Additionally, they seek out unprotected turf, meaning they flourish in areas exposed to the full fury of the winds, rains and snows found on mountain tops. In the best conditions, they can grow to heights of more than sixty feet. and five feet in diameter, although most are about half that size.

Despite their desolate surroundings, the trees are beautiful. The older bristlecones become gnarled and twisted, and acquire a special texture and character shared by no other tree.

The bristlecone is an unusual tree in that as it ages it allows part of its trunk and roots to die, yet manages to hold on to life. It’s not uncommon to find a bristlecone tenuously hanging on to life by only a thin strip of bark that stretches from a single root to a handful of needle-covered limbs.

In his book, “Trees of the Great Basin,” dendrologist Ronald M. Lanner notes that while some writers have wondered why the bristlecone can live so long, the better question is why does it take so long for one to die?

He suggests the adverse conditions actually allow the trees to live so long because the environment eliminates competition from other vegetation.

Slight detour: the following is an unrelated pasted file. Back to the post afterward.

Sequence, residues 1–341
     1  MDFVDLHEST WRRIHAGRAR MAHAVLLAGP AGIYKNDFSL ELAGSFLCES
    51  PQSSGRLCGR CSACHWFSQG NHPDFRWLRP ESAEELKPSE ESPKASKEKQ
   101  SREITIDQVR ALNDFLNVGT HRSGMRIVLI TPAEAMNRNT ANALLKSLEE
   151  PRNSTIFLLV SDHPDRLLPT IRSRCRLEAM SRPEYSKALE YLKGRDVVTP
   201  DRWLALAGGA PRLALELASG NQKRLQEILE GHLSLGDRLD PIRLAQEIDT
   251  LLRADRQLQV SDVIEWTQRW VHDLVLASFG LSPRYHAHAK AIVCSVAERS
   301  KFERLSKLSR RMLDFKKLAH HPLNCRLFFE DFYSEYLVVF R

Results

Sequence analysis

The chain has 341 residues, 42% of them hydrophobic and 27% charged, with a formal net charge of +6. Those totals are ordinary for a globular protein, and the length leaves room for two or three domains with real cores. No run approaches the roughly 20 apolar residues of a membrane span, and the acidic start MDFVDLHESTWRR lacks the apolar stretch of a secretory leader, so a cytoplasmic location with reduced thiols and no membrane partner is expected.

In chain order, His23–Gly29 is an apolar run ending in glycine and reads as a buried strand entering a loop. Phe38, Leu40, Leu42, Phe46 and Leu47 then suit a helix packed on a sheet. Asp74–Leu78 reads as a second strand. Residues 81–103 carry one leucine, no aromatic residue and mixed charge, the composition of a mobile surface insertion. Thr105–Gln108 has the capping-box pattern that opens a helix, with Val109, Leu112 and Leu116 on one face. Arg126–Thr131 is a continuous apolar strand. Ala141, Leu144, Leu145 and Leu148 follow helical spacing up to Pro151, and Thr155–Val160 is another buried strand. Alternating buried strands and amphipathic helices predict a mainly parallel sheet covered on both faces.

Even in death, the trees are remarkable. Because a bristlecone’s wood is so dense and resinous, it takes a long time to decay and is unusually hard. A dead bristlecone can stand for decades.

In Nevada, we’re fortunate to have a handful of groves of these unique trees, including stands in the Snake Range, the White Mountains, the Rubies, the Grant Range and a few other sites.

The most accessible groves can be found in Great Basin National Park, which incorporates part of the Snake Range, in eastern Nevada. There, on Wheeler Peak, you can find an estimated 8,500 individual Bristlecone plants, although most are seedlings.

To reach the Wheeler Peak grove, drive from the visitor center at the park to the Wheeler Peak Campground. The trail, which is at an elevation of 9,960 feet, begins from the parking area near the campground.

The walk is about four miles roundtrip with an elevation gain of about 500 feet (dress warmly and carry water). The trail passes picturesque Teresa Lake, then continues uphill via a series of switchbacks to the trees.

The stand, which is well described by interpretive signs, is magnificent. As you wander about, you can find trees that are more than 1,500 years old and one said to be more than 3,000 years old.

The world’s oldest known living bristlecone pine was discovered on Wheeler Peak in the early 1960s. Sadly, the tree, which was about 5,000 years old, was cut down in August 1964 to, ironically, determine its age.

Another good place to see bristlecones is in the Schulman grove (in the White Mountains), located south of Bishop. To reach the stand, head to Big Pine, then travel east on California Route 168 to the Ancient Bristlecone Pine Forest.